Landlords are reminded this is their last chance to grab Stamp Duty savings before the existing legislation changes on 1st April. The government announced tax relief in 2020 for landlords purchasing new buy-to-let homes, but the Stamp Duty holiday is due to end on 31st March, so you must act fast to reap the benefits. Every penny counts, especially when you’re looking to purchase new buy-to-let properties for your portfolio.
The rules are a little different in Wales: although home buyers have enjoyed some benefits, the Welsh Stamp Duty holiday doesn’t apply to the purchase of “additional” homes by individual buyers, or the purchase of dwellings by companies. This is reportedly to exclude buyers of second homes as holiday homes in Wales.
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What is Stamp Duty?
A landlord will normally need to pay Stamp Duty tax when purchasing a property. It is charged on the purchase of properties and land in England and Northern Ireland. In Scotland and Wales, similar taxes are called the Land and Buildings Transaction Tax and the Land Transaction Tax respectively. All variations serve the same purpose: to ensure landlords pay a percentage of the property’s purchase price in taxes to the government.
A property valued at more than £125,000 or an additional property valued at more than £40,000 in England and Northern Ireland will incur Stamp Duty at a percentage of the total value – rates are calculated in tiers based on the cost of the property.
The Scottish government increased the Land and Buildings Transaction Tax threshold from £145,000 to £250,000 on 15th July 2020. This change is in place until 31st March 2021. This means more people purchasing buy-to-let properties and second homes in Scotland have been able to take advantage of the zero LBTT Stamp Duty rate. From 1st April, the rates will go back to normal. The zero tax threshold will reduce back to £145,000, although first time buyers will have a nil tax threshold of £175,000.
The impending changes will have a different impact on landlords who are non-UK residents. The Stamp Duty changes taking place from 1st April will mean landlords from outside the UK, whose regular address is overseas, must pay an extra 2% when buying a property in this country. This is as well as the regular buy-to-let surcharge.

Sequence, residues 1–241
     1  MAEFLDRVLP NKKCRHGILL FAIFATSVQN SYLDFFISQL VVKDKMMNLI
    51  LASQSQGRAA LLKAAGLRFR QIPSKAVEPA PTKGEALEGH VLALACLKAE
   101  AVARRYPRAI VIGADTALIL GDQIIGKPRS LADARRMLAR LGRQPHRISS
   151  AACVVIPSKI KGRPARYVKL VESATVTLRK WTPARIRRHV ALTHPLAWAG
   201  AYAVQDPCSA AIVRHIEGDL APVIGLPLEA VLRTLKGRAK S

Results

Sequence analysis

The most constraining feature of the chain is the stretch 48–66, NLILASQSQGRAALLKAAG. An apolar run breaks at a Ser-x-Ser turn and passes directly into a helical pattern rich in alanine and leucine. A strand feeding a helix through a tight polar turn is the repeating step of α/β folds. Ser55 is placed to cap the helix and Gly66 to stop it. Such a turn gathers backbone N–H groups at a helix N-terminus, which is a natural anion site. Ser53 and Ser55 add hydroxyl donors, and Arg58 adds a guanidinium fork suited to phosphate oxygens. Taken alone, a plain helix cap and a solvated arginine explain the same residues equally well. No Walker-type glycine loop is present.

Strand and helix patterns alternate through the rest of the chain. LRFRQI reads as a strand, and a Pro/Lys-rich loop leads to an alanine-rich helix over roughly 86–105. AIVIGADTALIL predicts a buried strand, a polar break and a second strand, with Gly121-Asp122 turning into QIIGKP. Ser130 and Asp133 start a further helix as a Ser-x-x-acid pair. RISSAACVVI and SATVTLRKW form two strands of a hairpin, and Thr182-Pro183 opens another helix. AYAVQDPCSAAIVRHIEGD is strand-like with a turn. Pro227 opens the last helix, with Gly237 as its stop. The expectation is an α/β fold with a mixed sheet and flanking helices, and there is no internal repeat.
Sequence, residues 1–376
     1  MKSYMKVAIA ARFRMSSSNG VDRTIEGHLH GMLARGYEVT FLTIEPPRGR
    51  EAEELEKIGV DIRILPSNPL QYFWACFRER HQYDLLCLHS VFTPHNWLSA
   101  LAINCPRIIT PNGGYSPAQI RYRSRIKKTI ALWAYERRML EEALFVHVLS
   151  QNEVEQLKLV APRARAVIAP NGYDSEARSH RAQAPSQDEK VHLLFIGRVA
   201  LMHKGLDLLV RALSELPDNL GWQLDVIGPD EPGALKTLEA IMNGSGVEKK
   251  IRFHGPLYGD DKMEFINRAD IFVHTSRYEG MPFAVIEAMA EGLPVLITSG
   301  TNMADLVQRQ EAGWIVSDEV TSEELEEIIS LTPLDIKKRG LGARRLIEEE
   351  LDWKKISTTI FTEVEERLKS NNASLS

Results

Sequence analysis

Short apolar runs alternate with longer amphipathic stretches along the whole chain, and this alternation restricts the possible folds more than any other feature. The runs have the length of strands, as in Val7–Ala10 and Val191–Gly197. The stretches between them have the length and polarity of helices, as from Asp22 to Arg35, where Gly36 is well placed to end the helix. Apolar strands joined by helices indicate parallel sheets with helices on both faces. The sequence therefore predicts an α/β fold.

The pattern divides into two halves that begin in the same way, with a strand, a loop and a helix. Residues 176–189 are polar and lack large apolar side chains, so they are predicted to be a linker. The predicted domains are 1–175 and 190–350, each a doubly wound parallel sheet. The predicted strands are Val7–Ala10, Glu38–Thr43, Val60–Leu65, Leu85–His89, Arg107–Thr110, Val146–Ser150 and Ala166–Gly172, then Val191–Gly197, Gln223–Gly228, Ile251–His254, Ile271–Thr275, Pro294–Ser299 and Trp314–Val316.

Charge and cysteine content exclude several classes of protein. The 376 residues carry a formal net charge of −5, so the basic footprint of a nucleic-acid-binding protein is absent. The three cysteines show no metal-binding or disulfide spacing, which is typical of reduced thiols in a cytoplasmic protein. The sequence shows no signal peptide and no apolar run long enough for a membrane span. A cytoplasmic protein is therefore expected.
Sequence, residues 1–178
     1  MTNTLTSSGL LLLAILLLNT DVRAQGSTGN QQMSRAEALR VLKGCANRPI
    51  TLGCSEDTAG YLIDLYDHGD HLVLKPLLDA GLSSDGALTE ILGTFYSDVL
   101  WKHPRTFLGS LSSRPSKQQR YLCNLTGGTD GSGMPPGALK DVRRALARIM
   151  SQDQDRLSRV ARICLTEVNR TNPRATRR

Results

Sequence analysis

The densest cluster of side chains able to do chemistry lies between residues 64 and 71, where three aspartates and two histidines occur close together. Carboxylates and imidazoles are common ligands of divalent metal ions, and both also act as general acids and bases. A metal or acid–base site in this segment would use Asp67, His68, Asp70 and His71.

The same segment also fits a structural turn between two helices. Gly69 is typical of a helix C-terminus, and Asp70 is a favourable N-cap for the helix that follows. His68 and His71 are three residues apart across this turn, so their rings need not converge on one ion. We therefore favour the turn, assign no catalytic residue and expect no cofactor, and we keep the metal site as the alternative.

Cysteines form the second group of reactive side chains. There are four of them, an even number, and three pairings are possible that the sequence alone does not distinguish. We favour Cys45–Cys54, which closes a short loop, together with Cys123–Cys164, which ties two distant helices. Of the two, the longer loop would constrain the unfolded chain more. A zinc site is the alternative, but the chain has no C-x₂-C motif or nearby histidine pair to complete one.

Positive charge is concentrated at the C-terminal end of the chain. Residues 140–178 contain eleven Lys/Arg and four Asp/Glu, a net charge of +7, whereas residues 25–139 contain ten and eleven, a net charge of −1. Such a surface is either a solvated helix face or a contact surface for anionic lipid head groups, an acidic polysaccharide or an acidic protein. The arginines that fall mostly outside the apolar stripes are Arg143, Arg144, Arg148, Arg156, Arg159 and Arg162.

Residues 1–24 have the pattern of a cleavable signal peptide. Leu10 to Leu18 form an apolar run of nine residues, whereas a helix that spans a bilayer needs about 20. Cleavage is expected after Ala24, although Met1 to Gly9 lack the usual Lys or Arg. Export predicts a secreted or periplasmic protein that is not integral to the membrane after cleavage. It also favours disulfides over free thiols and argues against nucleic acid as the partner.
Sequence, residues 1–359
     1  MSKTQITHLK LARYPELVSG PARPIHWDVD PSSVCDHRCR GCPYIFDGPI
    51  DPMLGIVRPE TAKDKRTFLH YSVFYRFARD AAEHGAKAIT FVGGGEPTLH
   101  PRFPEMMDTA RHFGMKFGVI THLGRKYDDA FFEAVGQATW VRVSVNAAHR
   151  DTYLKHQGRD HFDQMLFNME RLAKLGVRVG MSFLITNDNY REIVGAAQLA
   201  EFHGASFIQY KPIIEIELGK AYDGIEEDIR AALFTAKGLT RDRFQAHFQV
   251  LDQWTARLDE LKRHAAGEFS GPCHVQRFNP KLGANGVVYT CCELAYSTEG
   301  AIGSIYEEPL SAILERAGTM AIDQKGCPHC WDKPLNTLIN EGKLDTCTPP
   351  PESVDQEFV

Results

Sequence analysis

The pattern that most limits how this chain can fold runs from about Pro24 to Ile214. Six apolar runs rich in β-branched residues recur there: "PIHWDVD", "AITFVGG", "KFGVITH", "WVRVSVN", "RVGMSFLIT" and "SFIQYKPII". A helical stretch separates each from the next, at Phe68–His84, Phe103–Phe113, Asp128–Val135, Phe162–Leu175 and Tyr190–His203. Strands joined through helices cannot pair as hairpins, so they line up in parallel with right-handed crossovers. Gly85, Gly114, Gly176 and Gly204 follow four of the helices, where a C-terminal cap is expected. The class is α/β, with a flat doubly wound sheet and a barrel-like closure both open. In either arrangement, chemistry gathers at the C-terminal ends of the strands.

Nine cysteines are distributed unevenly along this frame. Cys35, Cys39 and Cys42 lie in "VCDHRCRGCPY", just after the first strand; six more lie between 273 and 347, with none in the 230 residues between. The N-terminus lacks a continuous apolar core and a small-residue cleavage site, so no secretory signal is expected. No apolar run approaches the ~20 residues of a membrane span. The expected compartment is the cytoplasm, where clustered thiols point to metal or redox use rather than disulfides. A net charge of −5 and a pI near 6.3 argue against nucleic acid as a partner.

From 1st April, when you purchase a buy-to-let property in England or Northern Ireland, you must pay your Stamp Duty 30 days from the date of the sale. If you miss the deadline, you will receive a £100 fine.
Are there exemptions to Stamp Duty?
A buy-to-let landlord does not need to pay Stamp Duty if the property’s total price is £40,000 or less. First-time buyers investing for the first time in a buy-to-let property won’t have to pay the regular buy-to-let rate. They will instead pay the standard Stamp Duty rates for regular home buyers.
In the case of married couples, civil partners, unmarried couples and joint buy-to-let property purchases, if one of the joint buyers already owns a property but wants to buy another as part of a couple, the higher rate of Stamp Duty will be applied.
When a company buys a buy-to-let property, it must pay for any residential property valued at more than £40,000.
What are the Stamp Duty rates?
From 1st April, the Stamp Duty rates will be:
- Up to £125,000: 3%
- £125,001 to £250,000: 5%
- £250,001 to £925,000: 8%
- £925,001 to £1.5 million: 13%
- More than £1.5 million: 15%.
A landlords’ petition to extend the Stamp Duty holiday beyond 31st March 2021 has fallen on deaf ears. A Treasury spokesman said it was only designed to be a “temporary relief” to support jobs and stimulate the market. The government has confirmed it does not plan to extend the payment holiday. As a major source of revenue, Stamp Duty raises billions of pounds every year. The government says it helps to pay for “the essential services the government provides”.